Looking to book a last minute family friendly getaway? From thin crust pizzas to historical architecture, there’s an endless list of reasons to visit Rome, one of the world’s most astonishing capitals. On that note, Sarah’s here to share her top tips on the best places to visit in Rome with kids!
Many children harbour a perfectly understandable fascination with Rome, associating it, as they do, with pizza and gladiators: what more could you want?! The reality of visiting this stupendous city is, however, somewhat less basic: there are crowds and queues to contend with, as well as inflated prices for (often fairly average) food near the popular attractions – and in the summer months, the weather can be oppressively hot. As tempting as it is to try to pack as much in to your stay as possible: don’t. Rome wasn’t built in a day and nor was it seen in a week – especially not when there are tired little legs to contend with.
The Colosseum and the Forum will probably top the list of must-sees when there are children in your party – and since most tourists, children or not, feel the same, you can expect lengthy queues. Let’s face it, time spent in queues is not fun. Time spent in queues with children is most certainly punishment for something unspeakable you did in a past life. Perhaps we were all decadent Roman emperors, boredly sporting with slaves and wild beasts for own amusement. Who knows? In any case, although you can skip to the head of the line at the Colosseum by booking a tour, it’s difficult to imagine a guide bringing Ancient Rome to life anywhere near as vividly as a morning at Gladiator School could.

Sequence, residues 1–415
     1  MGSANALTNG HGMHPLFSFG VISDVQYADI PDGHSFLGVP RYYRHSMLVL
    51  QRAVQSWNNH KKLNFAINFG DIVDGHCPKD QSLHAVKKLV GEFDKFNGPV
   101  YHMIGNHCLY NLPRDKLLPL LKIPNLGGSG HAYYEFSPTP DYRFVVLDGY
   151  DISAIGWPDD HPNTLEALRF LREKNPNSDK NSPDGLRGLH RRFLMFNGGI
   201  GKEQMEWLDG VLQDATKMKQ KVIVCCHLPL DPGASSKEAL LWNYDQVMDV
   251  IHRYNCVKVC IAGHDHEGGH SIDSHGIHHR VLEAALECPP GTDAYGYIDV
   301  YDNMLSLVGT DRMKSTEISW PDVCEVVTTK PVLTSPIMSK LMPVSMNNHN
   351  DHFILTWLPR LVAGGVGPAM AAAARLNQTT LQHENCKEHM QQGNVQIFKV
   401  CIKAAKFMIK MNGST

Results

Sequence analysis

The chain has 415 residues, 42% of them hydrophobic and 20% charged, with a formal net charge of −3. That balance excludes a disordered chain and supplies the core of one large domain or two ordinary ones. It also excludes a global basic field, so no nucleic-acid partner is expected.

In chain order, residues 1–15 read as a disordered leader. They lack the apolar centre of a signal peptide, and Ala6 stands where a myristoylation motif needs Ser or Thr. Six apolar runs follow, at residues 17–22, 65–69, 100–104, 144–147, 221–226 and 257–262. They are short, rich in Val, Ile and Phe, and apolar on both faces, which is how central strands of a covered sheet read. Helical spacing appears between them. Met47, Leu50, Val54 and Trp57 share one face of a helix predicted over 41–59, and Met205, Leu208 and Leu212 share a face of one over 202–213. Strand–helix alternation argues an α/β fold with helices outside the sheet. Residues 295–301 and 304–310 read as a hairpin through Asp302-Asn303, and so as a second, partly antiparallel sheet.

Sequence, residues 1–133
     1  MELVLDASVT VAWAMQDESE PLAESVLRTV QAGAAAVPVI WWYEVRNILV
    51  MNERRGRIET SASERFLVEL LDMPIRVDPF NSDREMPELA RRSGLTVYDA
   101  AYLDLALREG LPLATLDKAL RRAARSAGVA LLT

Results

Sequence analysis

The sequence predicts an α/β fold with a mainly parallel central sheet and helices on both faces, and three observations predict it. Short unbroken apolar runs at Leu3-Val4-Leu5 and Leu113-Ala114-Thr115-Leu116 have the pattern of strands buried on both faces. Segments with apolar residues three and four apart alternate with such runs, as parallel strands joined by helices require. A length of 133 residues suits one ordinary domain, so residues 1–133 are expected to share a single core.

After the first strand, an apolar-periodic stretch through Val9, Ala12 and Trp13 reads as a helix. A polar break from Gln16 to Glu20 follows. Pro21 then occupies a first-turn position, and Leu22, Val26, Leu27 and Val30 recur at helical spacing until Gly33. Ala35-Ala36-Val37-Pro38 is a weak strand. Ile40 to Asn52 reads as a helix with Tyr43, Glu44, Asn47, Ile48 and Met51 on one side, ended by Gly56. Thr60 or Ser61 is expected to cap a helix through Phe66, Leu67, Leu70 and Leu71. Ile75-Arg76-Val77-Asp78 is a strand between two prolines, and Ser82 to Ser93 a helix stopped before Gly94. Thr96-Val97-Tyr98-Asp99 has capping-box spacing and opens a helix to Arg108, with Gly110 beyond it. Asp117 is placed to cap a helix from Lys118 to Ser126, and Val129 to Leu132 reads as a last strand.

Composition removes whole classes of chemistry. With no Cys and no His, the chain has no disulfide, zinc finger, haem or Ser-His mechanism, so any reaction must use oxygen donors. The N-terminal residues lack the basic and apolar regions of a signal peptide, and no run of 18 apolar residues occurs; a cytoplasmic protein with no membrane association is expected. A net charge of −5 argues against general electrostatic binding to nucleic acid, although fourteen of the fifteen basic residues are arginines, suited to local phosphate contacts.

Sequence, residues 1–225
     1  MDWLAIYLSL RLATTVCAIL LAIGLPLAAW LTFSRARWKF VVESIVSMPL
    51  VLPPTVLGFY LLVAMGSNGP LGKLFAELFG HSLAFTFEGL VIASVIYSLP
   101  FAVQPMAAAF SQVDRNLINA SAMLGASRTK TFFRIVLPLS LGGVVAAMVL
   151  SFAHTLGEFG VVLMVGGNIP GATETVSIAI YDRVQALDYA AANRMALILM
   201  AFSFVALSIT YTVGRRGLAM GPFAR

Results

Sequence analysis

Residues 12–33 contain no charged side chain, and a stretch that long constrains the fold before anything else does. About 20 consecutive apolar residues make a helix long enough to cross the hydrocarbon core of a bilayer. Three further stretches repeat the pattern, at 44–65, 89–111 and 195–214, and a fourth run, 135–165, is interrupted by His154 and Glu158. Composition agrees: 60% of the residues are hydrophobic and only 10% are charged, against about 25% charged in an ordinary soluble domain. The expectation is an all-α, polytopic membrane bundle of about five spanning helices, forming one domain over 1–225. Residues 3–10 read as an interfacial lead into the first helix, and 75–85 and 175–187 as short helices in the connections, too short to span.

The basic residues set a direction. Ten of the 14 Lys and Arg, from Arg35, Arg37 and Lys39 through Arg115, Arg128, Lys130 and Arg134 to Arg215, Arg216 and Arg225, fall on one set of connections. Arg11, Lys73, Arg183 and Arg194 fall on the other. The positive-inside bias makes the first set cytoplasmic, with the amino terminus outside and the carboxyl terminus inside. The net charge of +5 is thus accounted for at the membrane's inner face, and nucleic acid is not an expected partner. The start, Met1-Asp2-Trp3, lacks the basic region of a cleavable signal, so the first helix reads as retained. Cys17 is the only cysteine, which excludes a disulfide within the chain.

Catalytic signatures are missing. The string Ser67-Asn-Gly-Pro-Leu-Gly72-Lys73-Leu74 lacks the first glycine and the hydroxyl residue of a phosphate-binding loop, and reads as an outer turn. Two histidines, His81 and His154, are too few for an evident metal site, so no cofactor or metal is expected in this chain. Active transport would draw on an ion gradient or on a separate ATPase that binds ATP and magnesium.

Dressing in traditional gladiatorial costume, learning fighting techniques and sparring with foam swords not only burns off plenty of that childish energy, but also really brings history to life. To consolidate their interest, combine this, if possible, with a same-day visit to the Colosseum – just pre-book your tickets to avoid the queue issue (there are several ways of doing this online; otherwise your hotel’s front desk should be able to help).
Staying cool is also vital in the heat of the Roman summer and, while gelato is your friend in this regard, there are other methods at your disposal. Depending on the ages of your children, head underground to the catacombs – they’re delightfully creepy and the chill of underground air is actually quite welcoming (but take a light layer, in case the novelty wears off!). Some of the catacombs might really be too frightful for all but the most hardened of teens – avoid the Capuchin crypt under Santa Maria della Concezione near Piazza Barberini, for example – but the Catacombe di Priscilla, although a bit off the beaten track, are well lit, relatively high, wide and free from visible skulls and bones. The Pantheon is also a good option for its soothing temperature: with just one light source from the oculus in its huge dome, its interior provides a respite that is almost as cooling as it is magnificent.